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Penn History

Penn and the 1918 Influenza Epidemic Student Army Training Corps

By Mira Shetty, University Archives Summer Research Fellow, 2018, with J.J. Ahern

Student Army Training Corps, c. 1918

As part of the University’s war effort, the Student Army Training Corps (SATC) had been established to provide trained officers to serve in Europe. The 1918 academic year saw the majority of the student body enrolled in the SATC. Under the leadership of Major Charles Thorpe Griffith, the SATC took over many aspects of student life, from academics to social activities.

To that end, the SATC played a significant role in curtailing the spread of influenza across campus. It was the SATC that commandeered the two fraternity houses to be used as emergency hospitals. It also placed Dr. Frank B. Hancock in charge of the Sanitation Squad that inspected the campus. Major Griffith even warned campus residents that those who did not follow regulations to prevent the spread of influenza would face severe punishment.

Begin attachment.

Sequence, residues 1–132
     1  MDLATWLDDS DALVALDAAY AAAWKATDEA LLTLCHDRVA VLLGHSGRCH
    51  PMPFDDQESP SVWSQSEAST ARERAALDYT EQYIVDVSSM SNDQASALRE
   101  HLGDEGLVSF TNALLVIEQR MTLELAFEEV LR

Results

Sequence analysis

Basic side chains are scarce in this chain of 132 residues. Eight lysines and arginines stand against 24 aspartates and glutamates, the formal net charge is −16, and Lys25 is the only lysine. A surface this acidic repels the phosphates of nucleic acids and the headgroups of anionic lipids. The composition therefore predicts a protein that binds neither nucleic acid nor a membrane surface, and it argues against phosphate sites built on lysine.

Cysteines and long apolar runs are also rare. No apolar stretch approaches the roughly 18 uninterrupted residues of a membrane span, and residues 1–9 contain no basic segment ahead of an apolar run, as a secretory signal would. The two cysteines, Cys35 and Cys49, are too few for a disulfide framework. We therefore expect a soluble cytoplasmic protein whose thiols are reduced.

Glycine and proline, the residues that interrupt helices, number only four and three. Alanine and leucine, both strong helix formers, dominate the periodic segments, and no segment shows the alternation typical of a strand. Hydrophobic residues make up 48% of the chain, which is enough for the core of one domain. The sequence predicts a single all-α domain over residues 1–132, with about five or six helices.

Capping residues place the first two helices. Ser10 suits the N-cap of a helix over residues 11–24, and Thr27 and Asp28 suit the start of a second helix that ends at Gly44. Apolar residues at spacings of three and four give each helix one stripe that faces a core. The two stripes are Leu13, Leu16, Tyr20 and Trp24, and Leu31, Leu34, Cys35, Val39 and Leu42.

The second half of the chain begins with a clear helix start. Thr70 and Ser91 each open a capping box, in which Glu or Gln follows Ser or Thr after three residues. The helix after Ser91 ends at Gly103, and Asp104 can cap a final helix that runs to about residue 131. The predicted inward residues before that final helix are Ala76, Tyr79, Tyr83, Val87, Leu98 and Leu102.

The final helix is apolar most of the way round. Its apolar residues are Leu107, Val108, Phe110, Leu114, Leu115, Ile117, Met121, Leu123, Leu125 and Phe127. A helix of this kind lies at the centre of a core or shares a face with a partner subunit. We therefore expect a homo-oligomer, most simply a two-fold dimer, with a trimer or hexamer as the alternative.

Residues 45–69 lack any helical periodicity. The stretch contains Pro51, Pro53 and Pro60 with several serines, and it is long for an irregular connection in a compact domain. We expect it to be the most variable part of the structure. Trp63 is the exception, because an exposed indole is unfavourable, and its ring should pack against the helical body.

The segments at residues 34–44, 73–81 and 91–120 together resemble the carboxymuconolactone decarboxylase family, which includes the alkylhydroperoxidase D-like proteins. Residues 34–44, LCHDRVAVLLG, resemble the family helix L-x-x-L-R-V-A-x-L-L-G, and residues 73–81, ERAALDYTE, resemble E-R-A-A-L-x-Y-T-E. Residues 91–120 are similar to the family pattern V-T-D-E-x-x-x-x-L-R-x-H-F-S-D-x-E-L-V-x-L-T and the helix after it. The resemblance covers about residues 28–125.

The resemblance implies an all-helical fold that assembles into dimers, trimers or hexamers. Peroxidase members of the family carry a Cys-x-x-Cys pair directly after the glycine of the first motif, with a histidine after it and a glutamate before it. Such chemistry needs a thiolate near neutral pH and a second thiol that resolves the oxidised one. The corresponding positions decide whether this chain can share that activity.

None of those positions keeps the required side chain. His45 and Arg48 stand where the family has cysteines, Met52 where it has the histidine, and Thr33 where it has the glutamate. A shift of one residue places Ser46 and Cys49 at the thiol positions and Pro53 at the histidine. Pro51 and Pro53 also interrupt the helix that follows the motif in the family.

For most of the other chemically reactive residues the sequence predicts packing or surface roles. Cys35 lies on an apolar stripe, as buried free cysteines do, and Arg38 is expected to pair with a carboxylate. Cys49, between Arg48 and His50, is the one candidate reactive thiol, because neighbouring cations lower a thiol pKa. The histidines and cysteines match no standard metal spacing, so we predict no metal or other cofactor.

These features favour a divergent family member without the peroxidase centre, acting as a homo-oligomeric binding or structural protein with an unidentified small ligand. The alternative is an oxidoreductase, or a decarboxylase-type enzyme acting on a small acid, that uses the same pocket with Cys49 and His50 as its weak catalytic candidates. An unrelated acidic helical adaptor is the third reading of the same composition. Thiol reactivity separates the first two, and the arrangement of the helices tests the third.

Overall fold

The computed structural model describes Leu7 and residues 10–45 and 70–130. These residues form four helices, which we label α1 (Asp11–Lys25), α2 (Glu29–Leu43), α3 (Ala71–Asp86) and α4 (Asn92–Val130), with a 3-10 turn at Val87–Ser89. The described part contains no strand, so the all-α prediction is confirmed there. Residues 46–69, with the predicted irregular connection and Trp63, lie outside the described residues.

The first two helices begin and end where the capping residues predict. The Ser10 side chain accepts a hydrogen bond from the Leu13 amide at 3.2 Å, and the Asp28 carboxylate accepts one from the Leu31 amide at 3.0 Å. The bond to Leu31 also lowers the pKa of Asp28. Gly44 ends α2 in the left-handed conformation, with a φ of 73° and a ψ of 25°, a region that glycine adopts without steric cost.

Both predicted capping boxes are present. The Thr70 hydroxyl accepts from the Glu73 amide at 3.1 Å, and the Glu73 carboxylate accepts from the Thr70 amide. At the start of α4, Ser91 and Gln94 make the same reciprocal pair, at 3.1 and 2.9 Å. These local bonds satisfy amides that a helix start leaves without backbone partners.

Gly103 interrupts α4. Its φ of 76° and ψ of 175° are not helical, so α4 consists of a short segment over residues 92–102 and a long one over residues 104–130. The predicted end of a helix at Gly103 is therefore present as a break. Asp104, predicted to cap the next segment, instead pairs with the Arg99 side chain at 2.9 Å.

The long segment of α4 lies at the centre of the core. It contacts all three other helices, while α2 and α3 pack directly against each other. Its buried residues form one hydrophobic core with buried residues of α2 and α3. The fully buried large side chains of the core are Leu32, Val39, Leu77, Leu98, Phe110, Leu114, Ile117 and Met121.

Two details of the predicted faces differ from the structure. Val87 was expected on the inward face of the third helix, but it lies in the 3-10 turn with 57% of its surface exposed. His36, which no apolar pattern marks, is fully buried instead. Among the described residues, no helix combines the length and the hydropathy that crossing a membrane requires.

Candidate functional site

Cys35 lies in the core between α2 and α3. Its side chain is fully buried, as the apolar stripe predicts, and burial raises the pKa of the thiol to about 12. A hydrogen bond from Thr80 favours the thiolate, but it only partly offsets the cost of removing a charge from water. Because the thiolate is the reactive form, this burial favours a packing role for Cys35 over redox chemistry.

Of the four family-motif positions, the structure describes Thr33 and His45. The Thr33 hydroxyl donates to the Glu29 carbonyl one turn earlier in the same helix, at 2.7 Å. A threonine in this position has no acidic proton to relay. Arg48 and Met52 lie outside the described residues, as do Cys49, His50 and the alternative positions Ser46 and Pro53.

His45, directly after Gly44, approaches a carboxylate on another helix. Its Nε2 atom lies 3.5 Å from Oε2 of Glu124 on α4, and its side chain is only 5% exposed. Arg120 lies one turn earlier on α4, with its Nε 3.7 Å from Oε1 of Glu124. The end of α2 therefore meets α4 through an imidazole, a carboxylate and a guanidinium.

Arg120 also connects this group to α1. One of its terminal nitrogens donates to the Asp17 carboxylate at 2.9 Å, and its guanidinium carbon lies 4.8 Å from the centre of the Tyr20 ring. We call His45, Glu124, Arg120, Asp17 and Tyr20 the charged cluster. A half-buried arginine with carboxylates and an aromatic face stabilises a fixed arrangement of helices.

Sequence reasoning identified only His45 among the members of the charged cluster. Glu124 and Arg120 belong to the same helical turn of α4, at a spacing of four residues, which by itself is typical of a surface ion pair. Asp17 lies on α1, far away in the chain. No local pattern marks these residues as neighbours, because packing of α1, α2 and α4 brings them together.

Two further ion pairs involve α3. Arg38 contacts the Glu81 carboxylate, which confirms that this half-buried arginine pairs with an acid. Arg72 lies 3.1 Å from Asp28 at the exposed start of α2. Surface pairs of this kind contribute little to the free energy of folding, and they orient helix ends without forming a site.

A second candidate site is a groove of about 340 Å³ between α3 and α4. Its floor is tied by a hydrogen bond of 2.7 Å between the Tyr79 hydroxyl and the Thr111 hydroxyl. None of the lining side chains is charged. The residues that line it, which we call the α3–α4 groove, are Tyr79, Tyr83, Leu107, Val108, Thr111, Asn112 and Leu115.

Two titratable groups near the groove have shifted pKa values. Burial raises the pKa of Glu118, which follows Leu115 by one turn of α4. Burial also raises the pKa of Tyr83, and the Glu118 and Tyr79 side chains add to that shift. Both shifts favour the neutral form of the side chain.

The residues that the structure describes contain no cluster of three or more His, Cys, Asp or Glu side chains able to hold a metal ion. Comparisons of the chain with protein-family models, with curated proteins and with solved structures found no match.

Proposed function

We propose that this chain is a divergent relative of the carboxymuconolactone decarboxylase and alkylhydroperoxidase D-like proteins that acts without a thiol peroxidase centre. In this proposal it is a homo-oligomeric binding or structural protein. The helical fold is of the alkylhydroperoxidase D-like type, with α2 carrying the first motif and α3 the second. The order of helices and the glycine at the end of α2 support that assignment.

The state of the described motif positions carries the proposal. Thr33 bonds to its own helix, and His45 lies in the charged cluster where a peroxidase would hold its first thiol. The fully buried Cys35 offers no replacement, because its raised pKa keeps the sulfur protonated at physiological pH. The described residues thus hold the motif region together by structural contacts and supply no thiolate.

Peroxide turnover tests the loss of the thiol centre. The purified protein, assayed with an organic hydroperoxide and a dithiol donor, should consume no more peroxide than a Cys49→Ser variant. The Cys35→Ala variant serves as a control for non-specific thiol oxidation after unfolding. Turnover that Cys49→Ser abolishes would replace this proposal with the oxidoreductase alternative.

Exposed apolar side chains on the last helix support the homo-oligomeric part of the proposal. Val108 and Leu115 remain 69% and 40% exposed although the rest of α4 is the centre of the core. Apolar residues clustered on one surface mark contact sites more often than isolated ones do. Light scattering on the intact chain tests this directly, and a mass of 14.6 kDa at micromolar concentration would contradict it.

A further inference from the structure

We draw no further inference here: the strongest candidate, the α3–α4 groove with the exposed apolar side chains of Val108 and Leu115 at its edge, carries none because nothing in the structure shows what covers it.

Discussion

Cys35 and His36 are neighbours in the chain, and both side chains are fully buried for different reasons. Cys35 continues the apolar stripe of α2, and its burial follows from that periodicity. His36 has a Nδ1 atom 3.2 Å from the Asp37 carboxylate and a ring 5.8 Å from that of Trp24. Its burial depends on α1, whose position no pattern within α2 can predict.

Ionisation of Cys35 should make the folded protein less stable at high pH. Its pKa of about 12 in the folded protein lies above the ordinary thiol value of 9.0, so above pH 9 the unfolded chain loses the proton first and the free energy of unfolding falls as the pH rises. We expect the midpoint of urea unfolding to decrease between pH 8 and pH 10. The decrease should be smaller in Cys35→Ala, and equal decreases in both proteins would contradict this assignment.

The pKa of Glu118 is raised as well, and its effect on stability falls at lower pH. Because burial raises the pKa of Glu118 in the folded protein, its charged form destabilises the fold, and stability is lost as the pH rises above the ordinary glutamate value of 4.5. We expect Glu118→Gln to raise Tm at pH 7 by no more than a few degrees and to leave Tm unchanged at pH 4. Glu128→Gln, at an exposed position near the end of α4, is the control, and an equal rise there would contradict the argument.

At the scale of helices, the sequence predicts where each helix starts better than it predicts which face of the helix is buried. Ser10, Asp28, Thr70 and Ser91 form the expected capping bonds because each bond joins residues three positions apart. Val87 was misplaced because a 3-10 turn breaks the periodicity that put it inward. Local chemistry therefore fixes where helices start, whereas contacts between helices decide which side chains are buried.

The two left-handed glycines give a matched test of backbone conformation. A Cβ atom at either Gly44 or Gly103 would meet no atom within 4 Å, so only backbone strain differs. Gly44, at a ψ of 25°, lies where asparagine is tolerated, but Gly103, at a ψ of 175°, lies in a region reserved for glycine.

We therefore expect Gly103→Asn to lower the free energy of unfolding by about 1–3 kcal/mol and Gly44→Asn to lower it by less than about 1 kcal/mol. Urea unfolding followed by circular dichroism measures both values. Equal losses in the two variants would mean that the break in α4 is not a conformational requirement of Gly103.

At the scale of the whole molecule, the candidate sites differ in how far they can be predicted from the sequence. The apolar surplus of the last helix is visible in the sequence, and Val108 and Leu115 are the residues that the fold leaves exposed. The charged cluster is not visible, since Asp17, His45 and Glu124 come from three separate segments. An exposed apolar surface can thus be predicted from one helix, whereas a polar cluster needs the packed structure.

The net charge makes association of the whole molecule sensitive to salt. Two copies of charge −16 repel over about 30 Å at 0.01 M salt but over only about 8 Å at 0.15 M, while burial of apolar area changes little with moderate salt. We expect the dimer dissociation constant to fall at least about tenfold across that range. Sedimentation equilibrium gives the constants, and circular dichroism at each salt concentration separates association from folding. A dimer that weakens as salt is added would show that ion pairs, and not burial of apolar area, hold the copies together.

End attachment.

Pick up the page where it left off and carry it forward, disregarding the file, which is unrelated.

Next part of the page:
In all, efforts by the Army to ensure the health and well-being of the SATC students had an overall impact on the health of the entire Penn community in 1918.